Thursday, September 4, 2008

the riddle of moving to another country

growing up, i absolutely loved riddles, puzzles, and jokes. oh my.

the guesser can ask the riddler yes/no questions until the puzzle is solved:

a man lives on the 14th floor of a building downtown. everyday when he leaves, he rides the elevator down to the ground floor and walks to wherever he is going. when he returns, he takes the elevator to the 8th floor and walks the rest of the way. unless it's raining, then he takes the elevator all the way up to the 14th floor. why?

and so on...

ze frank has created an interactive matchstick version of the first puzzle i really remember solving. my dad introduced it to me one time when he took my sister and i to hear the cincinnati pops orchestra. while we were sitting on the lawn waiting for the performance, he set up this puzzle with some blades of grass.

move two matches to form 4 equal squares, using every match as part of a square in the solution.

i have no idea where he discovered this puzzle or if he even remembers this event. i was occupied and frustrated for a good while, but when i surprised myself by actually solving it, i was hooked for life!

i think my interest in solving puzzles and riddles initiated a curiousity in figuring out how things in the our universe work. i also find that it's an advantage to like such things when traveling around the globe. moving to another country is like a gigantic series of puzzles and riddles (and sometimes jokes that either i dont get, or i'm the only one who understands!).

at least during this move, the language puzzle is more entertaining than frustrating, but there are still constant mysteries to figure out. for instance, what is a person from nottingham called? why do they drive on the left side of the road here, while most of the other countries in the world have chosen to drive on the right? is there really a different and/or proper time to say cheers instead of thank you, or are they completely interchangeable? why is there a mysterious trick to flushing half the toilets i've encountered in this country... and what is it?

there are new puzzles to solve everyday.... and luckily, i thoroughly enjoy nearly all of them (for now)!


Steve Jeffery said...

A most thought provoking post, Doctor Bauer.

The matches are bothering me now, but I'm determined to figure it out for a while yet before clicking on your solution.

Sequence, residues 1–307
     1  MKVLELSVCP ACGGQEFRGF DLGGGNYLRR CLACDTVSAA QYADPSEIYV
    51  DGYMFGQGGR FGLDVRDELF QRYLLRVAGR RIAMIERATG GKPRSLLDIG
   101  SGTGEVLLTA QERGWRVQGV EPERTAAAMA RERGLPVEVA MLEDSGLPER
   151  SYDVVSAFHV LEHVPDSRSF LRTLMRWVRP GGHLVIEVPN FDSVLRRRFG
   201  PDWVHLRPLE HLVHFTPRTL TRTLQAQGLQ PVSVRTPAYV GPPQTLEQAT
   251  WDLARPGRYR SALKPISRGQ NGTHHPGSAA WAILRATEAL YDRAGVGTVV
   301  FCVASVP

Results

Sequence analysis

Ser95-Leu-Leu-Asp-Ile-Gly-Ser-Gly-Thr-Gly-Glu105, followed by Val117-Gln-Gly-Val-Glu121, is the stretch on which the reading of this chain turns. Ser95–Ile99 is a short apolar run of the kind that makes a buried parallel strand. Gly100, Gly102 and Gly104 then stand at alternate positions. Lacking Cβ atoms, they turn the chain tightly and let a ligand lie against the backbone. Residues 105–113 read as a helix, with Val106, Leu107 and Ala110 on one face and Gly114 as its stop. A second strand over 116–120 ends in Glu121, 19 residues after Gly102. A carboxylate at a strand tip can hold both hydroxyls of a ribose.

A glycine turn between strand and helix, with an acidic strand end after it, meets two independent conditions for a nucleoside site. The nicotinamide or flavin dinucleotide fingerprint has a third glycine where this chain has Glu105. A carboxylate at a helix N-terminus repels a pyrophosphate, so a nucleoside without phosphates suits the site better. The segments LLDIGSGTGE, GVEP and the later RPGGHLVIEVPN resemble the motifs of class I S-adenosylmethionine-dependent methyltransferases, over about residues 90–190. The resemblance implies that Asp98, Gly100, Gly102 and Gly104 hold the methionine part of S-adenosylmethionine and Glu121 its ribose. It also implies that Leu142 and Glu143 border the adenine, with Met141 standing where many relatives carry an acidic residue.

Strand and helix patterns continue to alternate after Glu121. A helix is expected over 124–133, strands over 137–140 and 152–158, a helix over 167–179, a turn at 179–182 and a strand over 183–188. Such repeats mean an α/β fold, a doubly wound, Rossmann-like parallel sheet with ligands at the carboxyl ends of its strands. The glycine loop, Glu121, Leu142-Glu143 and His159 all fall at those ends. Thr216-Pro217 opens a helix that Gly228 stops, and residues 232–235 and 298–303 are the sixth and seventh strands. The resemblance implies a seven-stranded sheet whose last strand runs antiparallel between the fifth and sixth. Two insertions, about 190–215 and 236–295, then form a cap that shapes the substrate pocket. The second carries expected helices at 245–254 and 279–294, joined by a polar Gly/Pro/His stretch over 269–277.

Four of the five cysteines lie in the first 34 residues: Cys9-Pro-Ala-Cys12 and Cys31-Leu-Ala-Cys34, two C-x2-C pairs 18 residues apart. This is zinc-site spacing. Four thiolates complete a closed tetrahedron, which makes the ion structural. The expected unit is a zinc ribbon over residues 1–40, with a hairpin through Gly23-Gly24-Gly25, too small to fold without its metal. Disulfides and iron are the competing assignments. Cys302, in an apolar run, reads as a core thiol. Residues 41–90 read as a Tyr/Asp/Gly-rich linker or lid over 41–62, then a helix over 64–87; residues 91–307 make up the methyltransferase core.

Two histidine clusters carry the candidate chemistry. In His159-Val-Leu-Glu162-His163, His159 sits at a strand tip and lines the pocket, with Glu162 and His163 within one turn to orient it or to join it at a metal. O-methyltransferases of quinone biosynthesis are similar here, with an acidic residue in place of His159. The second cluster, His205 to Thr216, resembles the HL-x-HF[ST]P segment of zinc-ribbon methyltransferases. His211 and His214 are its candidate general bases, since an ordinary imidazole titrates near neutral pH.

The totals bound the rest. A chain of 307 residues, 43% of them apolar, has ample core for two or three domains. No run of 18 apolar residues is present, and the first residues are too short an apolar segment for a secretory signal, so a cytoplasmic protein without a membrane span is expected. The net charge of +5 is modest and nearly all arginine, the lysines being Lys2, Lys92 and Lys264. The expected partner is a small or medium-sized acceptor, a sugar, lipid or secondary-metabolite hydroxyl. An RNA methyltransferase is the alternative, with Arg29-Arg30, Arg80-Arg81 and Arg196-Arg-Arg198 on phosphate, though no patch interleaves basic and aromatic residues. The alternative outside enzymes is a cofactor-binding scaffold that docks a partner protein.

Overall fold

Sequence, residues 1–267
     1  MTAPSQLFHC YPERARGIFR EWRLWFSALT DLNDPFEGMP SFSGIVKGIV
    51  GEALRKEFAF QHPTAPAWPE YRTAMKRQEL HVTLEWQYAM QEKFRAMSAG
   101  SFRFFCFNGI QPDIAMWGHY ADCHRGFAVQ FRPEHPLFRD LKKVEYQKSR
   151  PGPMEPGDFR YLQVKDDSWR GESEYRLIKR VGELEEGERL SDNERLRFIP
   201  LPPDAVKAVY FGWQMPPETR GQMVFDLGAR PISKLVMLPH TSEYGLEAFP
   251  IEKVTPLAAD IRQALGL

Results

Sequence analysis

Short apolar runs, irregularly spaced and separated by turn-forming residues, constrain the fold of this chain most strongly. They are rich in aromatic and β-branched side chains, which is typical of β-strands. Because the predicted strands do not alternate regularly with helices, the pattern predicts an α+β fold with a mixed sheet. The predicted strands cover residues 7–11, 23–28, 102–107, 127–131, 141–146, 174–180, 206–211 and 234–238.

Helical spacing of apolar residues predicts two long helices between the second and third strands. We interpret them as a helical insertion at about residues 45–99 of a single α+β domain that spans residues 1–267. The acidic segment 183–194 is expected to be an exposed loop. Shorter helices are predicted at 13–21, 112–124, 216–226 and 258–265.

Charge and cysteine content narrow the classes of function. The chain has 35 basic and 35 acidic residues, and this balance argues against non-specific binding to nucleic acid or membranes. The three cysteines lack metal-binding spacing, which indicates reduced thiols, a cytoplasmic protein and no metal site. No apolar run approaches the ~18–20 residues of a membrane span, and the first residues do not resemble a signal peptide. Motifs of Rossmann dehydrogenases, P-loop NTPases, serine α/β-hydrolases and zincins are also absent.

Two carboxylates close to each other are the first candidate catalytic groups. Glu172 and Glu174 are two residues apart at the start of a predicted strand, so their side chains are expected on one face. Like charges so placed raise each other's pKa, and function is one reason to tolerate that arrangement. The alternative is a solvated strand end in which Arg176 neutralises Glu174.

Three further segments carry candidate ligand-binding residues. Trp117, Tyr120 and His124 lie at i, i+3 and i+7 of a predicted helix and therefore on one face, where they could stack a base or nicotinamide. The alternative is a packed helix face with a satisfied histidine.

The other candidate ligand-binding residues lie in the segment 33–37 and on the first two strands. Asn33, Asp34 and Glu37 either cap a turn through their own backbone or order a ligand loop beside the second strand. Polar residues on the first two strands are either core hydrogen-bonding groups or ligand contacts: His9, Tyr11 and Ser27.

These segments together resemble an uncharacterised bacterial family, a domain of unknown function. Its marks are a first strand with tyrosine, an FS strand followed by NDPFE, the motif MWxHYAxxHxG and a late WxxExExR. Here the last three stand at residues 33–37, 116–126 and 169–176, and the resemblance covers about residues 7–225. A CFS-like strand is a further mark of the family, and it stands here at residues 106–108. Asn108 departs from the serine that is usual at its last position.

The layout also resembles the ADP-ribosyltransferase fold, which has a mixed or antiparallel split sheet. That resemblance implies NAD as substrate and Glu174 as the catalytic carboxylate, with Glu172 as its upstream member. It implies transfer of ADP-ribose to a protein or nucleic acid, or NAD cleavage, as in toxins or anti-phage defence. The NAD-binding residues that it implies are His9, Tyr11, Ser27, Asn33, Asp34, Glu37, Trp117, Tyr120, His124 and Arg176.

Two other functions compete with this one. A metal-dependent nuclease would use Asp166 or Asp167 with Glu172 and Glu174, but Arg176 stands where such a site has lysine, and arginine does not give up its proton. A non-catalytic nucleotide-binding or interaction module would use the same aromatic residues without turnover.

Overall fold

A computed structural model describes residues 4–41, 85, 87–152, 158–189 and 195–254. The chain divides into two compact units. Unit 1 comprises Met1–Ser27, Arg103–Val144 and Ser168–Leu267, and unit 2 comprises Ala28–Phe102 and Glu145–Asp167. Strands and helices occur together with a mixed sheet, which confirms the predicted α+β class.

Allegedly a person from Nottingham is a Nottinghamian, but I've lived here most of my life and I don't think I've ever heard that used in real life. You might as well say they're called "me duck" (you're bound to come across that if you haven't already). I've learnt a new word anyway, Demonym. Do you prefer Ohioan or Buckeye? ;-)

I had half an idea about why we drive on the left. This explains it nicely, and helpfully for me confirms my suspicions (whether it's right or not...).

"Cheers" is generally used more in more informal situations, I think, but there's no hard and fast rule there.

As to the toilets, I can only put that down to temperamental mechanics.

Glad to hear the new environment's stimulating you intellectually anyway. :-D


Unknown said...

not to mislead you.... the link allows you to interactively test your solutions. it doesnt give away the answer to the puzzle!!

Steve Jeffery said...

Ah, brilliant. I shall click with impunity then.

Steve Jeffery said...

w00t! Got it, and the one after.

Oh hang on, I'm at work aren't I? Curses, back to this later.

Here's something for you to try.

Albull said...

I'll throw another couple into the mix... a simple "thanks" and "ta".

What's the problem with the toilets? Is it the 2 button thing or the old rickety hold to flush properly one. Or rather, pump to flush as is the case in many pubs.

Oh and just wait till you try and understand cricket.

Anonymous said...

About a third of the world's population live in countries which drive on the left. I believe there are five more populous such countries than Britain (India, Indonesia, Japan, Pakistan and another one I can't think of right now). Welcome to this one, anyway.

Anonymous said...

For your first puzzle.... is the building still being constructed?

For the second ... you could pick up the two straws to the immediate left of the rightmost square and drop them into place at the left end of the construction to form FIVE 1x1 squares (and 1 2x2 square). Locating four 1x1 squares after that is quite trivial.

Or am I missing the point?


Unknown said...


riddle: no

puzzle: there must be 4 equal-sized squares. period. no more, no less.

Anonymous said...

Well, now you can see some difference between the way astrophysicists and engineers view the world.... Cheers!


Jimmy said...

You guys are lying, you haven't solved the match puzzle - it's impossible! To get four squares out of sixteen matches, they need to be seperated, no match forming more than one side of any square, and there's no way to do that by moving only two matches.

(PS, I'm kidding, it probably is possible, I'm just very frustrated...:p)